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Microfluidic chips useful in cheaper, speedier medical tests

Microfluidic chips have been developed for carrying out cheaper, speedier medical tests by an MIT alumnus Dhananjaya Dendukuri. For the vast majority of Indians living in villages, high tech medical tests are out of their reach. But inexpensive, fast and accurate point-of-care diagnostics that doctors can use anywhere could soon be a reality, thanks to the work of Dhananjay Dendukuri, CEO and co-founder of Bangalore-based Achira Labs. Dendukuri, a Ph.D in chemical engineering from Massachusetts Institute of Technology has developed a novel platform that allows samples of blood, urea, saliva, or other body fluids to be loaded directly on to a plastic microfluidic chip and tested for the presence of multiple analytes in a few minutes. Its focus is on immunoassays.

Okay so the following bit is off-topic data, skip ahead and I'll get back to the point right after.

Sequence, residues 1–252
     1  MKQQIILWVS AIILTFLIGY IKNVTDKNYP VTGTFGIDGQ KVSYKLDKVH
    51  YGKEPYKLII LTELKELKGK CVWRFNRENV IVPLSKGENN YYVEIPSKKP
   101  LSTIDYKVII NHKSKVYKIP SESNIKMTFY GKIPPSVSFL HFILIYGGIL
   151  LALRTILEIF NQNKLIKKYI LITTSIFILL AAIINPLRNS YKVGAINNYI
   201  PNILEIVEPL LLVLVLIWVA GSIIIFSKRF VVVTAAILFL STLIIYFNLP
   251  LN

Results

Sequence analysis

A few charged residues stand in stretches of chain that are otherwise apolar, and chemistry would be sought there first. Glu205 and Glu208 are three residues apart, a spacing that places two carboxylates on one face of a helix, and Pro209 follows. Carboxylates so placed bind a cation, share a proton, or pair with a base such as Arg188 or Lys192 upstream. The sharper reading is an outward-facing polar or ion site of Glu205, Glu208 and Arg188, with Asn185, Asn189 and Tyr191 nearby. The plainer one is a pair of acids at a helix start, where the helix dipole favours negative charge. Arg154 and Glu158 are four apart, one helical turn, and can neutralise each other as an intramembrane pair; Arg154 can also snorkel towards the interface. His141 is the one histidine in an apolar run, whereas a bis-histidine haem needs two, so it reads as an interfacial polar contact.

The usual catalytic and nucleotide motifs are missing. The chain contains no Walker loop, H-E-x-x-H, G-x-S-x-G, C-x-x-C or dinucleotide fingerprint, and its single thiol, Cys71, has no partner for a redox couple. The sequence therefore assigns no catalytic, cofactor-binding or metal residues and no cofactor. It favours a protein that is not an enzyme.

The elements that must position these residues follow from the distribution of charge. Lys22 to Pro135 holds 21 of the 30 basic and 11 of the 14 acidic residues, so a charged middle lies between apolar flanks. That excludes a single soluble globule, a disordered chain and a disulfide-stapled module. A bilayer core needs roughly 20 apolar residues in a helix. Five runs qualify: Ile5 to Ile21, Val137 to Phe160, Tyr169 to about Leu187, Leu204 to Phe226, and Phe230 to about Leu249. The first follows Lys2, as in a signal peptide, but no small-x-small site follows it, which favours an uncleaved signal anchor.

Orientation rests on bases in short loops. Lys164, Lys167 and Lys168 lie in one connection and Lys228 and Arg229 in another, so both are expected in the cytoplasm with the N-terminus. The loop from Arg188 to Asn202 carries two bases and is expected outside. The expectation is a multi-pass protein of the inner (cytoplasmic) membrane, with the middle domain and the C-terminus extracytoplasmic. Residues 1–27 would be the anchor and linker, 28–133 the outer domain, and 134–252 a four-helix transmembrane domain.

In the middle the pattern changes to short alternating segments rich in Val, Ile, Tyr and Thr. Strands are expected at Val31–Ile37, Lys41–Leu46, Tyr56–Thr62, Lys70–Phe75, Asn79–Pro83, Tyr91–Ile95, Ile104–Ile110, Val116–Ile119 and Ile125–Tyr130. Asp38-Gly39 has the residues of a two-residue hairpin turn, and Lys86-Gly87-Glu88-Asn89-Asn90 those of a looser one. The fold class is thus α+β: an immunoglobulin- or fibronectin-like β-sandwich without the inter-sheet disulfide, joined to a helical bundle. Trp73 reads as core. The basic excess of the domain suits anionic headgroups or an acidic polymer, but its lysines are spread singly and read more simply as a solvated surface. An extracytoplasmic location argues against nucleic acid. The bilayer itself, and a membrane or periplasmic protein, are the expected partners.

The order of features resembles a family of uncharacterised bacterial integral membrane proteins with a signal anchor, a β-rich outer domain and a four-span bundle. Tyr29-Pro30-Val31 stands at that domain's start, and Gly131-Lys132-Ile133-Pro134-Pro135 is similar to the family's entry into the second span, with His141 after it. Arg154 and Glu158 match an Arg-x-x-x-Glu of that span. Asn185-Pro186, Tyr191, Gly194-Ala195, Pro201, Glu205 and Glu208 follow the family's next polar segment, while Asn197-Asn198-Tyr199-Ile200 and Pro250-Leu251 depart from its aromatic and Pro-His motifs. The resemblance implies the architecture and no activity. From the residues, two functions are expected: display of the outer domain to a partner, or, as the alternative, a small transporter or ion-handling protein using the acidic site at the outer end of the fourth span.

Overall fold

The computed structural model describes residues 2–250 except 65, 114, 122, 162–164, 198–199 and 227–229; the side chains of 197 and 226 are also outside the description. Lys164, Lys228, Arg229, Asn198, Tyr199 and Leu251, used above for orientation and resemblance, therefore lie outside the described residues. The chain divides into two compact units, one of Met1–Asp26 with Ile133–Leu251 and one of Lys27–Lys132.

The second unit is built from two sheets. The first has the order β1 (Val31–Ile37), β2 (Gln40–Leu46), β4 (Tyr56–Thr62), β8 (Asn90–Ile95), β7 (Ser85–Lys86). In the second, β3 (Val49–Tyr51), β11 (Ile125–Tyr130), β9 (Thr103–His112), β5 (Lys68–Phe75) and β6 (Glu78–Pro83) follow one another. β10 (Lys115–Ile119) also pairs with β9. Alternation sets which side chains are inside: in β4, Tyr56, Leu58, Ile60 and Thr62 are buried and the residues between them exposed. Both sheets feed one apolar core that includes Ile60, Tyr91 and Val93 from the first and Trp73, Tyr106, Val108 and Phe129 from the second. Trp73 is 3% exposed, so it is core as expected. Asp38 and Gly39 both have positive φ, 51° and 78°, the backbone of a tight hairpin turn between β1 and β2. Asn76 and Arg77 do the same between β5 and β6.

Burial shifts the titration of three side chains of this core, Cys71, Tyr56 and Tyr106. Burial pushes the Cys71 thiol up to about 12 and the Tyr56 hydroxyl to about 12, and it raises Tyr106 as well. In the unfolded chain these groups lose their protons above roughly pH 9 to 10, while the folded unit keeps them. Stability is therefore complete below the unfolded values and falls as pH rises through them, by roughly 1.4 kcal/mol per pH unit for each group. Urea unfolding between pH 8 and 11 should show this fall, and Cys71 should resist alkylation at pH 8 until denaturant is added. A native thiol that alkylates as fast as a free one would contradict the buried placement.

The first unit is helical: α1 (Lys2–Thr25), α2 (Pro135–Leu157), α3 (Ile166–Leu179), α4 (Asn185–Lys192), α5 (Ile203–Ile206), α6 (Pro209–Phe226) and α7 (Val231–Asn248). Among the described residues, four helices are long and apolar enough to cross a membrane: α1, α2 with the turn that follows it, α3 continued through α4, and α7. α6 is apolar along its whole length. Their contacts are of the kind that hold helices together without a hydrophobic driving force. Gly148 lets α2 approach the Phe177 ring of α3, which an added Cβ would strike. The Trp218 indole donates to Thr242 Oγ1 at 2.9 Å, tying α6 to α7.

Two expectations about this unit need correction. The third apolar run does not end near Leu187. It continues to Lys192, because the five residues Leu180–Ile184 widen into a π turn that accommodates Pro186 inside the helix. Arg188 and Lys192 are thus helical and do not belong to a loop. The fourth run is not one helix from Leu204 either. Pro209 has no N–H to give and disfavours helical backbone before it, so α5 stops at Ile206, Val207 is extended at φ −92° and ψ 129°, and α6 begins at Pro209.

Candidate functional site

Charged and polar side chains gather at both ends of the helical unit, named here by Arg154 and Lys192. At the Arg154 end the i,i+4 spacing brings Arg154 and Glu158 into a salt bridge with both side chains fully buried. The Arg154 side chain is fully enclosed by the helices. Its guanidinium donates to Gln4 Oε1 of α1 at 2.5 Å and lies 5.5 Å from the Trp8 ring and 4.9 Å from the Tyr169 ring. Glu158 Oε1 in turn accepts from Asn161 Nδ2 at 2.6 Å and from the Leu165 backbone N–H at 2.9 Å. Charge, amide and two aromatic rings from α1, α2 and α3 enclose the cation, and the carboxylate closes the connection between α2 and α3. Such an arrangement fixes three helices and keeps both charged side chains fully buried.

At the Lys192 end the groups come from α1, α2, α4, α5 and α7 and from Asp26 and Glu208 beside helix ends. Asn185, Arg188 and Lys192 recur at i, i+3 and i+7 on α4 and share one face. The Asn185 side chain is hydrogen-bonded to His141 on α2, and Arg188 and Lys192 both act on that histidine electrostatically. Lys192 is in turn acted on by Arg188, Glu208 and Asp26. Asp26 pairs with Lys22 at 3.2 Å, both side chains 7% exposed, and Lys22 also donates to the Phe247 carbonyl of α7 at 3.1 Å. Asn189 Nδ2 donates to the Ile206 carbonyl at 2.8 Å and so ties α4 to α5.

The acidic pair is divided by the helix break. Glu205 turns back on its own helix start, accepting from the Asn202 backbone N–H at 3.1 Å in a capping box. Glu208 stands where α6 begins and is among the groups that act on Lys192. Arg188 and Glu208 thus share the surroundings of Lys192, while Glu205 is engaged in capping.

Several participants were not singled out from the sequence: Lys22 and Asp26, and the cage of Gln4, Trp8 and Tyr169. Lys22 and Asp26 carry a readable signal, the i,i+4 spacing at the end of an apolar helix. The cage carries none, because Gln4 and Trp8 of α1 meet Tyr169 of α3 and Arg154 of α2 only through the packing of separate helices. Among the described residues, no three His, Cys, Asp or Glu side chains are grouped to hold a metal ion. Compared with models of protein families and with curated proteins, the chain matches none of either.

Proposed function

This automated testing platform consists of a fluorescence-based, portable reader and reagent-loaded microfludic chips. The miniaturised assays allow for reduction in the volumes of expensive reagents used and hence their cost. The low development cost of the platform coupled with the sensitivity and reliability of expensive tests will enable a large number of people to have access to health-care tests in under-developed parts of India and other countries.. Such an expansion of the ‘reach’ of diagnostics could have enormous long-term health-care benefits in these underserved societies and markets, according to Suri Venkatachalam, founder and CEO, Connexios Life Sciences and cofounder and chairman, Achira Labs.

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